A coalition of French environmental charities on Thursday accused the French state of negligence in regulating the use of pesticides, in a landmark legal case.
The five organisations allege the French state is indirectly responsible for the sharp decline in insect, bird and other animal populations which an increasing body of scientific research shows is linked to pesticide use and intensive farming.
In a first court hearing at the Paris administrative court, the NGOs received an initial boost, with the public rapporteur suggesting judges confirm several faults on the part of the state,
The rapporteur suggested ordering the government “to put an end to all the shortcomings that we have identified and take all useful measures to repair the resulting ecological damage”.
The conclusions of the rapporteur are often — but not always — followed by the judges, and it will now be some two weeks before their final ruling.
Similar action against the French state for failing to prevent air pollution or respect its own climate change targets have been successful in recent years, with environmental groups turning to legal activism across Europe to hold governments to account.
In its complaint, the five French groups say the state has failed “with the implementation of procedures to evaluate the risks and authorisations for the commercialisation of pesticides” which have been used in an “excessive” way by the farming sector.
They cite figures showing that insect populations have fallen by 75 percent and wild birds by 30 percent in France over the last 30 years.
‘Molecules made to kill’
“As the main cause of this collapse, pesticides are authorised today after an incomplete evaluation procedure which does not enable the products responsible for the decline in insects, birds and the rest of our biodiversity to be identified or banned,” the complaint says.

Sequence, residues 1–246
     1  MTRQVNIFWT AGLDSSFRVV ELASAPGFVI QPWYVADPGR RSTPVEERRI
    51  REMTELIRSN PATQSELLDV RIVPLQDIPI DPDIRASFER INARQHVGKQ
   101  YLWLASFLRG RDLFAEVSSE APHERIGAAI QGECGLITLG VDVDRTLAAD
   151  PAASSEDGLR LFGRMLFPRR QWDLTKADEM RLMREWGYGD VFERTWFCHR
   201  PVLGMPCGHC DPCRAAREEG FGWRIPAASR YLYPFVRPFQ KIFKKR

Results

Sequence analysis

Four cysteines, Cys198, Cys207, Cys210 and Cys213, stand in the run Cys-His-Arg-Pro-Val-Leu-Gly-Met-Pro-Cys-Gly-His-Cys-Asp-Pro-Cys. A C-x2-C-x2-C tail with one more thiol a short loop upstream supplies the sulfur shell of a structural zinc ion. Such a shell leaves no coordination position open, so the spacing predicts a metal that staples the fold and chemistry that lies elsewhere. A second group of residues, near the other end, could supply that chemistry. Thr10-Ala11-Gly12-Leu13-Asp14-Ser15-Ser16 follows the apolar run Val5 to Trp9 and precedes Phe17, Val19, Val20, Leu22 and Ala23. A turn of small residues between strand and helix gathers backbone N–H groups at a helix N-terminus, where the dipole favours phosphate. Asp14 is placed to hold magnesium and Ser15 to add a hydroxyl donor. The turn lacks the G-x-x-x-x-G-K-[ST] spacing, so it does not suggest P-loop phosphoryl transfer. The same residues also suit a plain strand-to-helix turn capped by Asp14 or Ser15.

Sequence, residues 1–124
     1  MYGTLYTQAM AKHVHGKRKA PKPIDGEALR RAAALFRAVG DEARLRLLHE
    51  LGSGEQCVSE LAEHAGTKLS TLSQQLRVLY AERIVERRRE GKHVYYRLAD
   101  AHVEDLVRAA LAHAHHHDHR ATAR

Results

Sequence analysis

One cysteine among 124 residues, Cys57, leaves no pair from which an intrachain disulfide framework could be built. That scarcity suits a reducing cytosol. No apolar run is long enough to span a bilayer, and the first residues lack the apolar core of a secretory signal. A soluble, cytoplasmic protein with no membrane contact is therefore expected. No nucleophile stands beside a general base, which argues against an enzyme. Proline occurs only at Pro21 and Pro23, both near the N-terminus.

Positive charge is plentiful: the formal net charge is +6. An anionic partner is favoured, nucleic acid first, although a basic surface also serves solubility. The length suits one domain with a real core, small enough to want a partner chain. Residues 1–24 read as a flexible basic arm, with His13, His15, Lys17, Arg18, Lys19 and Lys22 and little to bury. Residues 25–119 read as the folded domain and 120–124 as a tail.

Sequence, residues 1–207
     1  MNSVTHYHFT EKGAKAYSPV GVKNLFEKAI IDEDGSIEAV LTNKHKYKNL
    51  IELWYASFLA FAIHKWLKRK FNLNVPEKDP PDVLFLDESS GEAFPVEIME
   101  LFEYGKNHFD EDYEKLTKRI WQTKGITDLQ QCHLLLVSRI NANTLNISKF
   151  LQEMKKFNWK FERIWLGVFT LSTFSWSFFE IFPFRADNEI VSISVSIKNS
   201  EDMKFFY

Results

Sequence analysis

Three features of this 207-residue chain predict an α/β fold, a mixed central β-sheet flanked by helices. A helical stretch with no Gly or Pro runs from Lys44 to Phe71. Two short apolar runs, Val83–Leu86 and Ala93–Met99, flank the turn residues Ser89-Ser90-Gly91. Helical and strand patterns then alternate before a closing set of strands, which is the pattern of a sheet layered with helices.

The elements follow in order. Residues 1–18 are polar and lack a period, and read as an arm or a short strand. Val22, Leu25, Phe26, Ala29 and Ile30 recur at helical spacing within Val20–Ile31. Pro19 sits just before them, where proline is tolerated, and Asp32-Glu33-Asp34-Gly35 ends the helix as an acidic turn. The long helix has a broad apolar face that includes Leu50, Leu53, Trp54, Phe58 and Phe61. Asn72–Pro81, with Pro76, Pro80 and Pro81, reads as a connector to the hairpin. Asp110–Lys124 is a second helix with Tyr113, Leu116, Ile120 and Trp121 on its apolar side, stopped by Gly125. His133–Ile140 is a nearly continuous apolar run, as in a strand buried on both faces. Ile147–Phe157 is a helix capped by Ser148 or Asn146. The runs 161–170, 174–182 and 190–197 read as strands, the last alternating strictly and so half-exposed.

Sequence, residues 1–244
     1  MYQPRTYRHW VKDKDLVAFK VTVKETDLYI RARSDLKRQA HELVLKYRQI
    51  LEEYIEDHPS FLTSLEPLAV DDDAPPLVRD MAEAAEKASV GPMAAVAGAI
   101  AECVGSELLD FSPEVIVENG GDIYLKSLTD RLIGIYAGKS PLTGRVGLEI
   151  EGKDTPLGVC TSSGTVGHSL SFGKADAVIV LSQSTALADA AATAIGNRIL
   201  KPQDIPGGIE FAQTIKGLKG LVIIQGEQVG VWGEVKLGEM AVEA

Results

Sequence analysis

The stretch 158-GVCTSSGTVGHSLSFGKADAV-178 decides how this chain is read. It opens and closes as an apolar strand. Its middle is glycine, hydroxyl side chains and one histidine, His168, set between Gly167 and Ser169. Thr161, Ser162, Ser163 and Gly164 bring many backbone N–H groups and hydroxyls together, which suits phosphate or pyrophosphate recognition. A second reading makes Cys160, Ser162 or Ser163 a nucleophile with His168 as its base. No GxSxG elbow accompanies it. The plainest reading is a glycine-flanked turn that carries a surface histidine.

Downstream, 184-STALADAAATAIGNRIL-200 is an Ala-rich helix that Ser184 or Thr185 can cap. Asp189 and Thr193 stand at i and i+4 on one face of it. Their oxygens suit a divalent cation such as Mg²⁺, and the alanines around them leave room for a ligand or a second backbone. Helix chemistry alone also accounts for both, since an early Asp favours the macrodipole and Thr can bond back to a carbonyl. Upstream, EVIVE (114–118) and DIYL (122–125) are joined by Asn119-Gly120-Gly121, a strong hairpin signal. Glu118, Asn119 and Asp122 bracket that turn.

The case has been dubbed “Justice for the Living” by the complainants, the NGOs Pollinis, Notre Affaire a tous, the National Association for the Protection of Water and Rivers, Biodiversite sous nos pieds, and ASPAS.
The French state, represented by the agriculture ministry, said in its written deposition to the court that the European Union was responsable for regulating pesticides and that EU law “takes defending the environment into account.”
It denied that two previous national roadmaps for reducing pesticide use since 2007, contained in plans known as Ecophyto 1 and 2, were legally binding.
The government’s position has been backed by industry lobby group Phyteis, which says that EU regulations are “some of the strictest in the world” and that there are many factors to explain the decline in insect and bird populations.
Responsible use of pesticides helped provide food security for the country and its citizens, it argues.
But Benoit Fontaine, of the National Museum of Natural History, one of the co-authors of the study showing the decline in biodiversity said: “Pesticides are molecules made to kill.”
“I hope the law will go in the right direction and say that we must be responsible in the use of pesticides,” he added.